Popes in a Year
#182 - Pope Urban IV
Pope from August 29, 1261 - October 2, 1264
Lived: c. 1195 - October 2, 1264
Birth name: Jacques Pantaléon
Who was this guy before he was pope?
The son of a French cobbler, Jacques Pantaléon from a young age became known for being vigorously active, well-educated, and yet still pious and holy. He was serving as the Archdeacon of Liège (Belgium) when he caught the eye of Pope Innocent IV at the Council of Lyons in 1245. From there, he was sent as papal legate to Poland, Prussia, and Germany, all in a period of six years. He was briefly assigned as Bishop of Verdun, but was named Patriarch of Jerusalem in 1255, and served there until his election.
Give me the scoop on Urban IV.
Pope Urban IV was chosen after being in the right place at the right time. He was visiting Rome on official business in 1261, when the cardinal electors (there were only seven left) realized that his great skill in diplomacy and statesmanship, not to mention his healthy dislike for the Hohenstaufen (the imperial family in Germany), would make him a solid pope. He was elected and consecrated on August 29 of that year, likely choosing the name “Urban” as a tip o’ the cap to Urban II, a fellow Frenchman. He was elected at Viterbo, but spent most of his papacy in Orvieto. Near the time of his death, Urban was travelling to Assisi when he fell ill. He was taken to Perugia, where he died on October 2, 1264.
What was he known for?
Urban was best known for quickly and effectively undoing much of the damage against both papal authority in Rome and Church property throughout Italy. He started by balancing the papal checkbook and paying Alexander’s debts. Urban then frustrated the Ghibellines (the anti-papal faction in Rome) with savvy knowledge of the law, while building up the Guelphs (pro-pope folks) and helping appoint Charles I as King of Sicily and eventually senator in Rome. Historians are unsure if Urban convened a committee to find new names for the rival groups, though.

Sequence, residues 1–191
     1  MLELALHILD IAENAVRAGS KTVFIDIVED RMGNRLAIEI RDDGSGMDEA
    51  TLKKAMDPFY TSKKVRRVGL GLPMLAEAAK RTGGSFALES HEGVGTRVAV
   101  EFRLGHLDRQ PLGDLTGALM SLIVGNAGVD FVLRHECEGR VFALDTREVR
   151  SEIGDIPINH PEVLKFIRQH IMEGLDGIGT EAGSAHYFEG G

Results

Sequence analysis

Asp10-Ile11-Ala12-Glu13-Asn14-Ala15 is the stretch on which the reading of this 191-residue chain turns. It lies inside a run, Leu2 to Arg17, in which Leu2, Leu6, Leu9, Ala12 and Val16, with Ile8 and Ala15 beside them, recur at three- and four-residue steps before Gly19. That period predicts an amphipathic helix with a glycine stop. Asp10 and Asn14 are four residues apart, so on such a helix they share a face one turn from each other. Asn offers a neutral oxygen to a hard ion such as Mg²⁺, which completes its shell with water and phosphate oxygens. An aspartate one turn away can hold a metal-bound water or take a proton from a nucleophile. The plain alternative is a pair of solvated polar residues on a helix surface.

The pope also remained close with King St. Louis IX of France, while holding two consistories (cardinal-naming parties, basically) and increasing the number of Red Hats from seven to 21, making sure to further protect papal elections from abuse.
Pope Urban IV is who we can thank for the Feast of Corpus Christi, the annual day celebrating the Real Presence of Jesus Christ in the Eucharist. Urban published a papal bull,
, to make it official in 1264,
“We should celebrate continuously the memory of this memorial, because the more frequently his gift and favor are looked upon, so much the more firmly are they kept in memory. Therefore, although this memorial Sacrament is frequented in the daily solemnities of the Mass, we nevertheless think suitable and worthy that, at least once a year – especially to confound the lack of faith and the infamy of heretics – a more solemn and honorable memory of this Sacrament be held.”
Pope Urban IV, on the Feast of Corpus Christi
What else was going on in the world at the time?
In June of 1264, the first known meeting of the Irish legislature was held. It was at Castledermot in County Kildare that the Parliament of Ireland met.
Coming tomorrow...Pope Clement IV
SOURCES (and further reading)
John, E. (1964). The Popes: A concise biographical history. New York: Hawthorn Books.
Guruge, A. (2010). The Next Pope. New Hampshire: WOWNH
Pope Urban IV -
Pope Urban IV -
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Sent by Matthew Sewell on Tuesday, September 5 at 2:00AM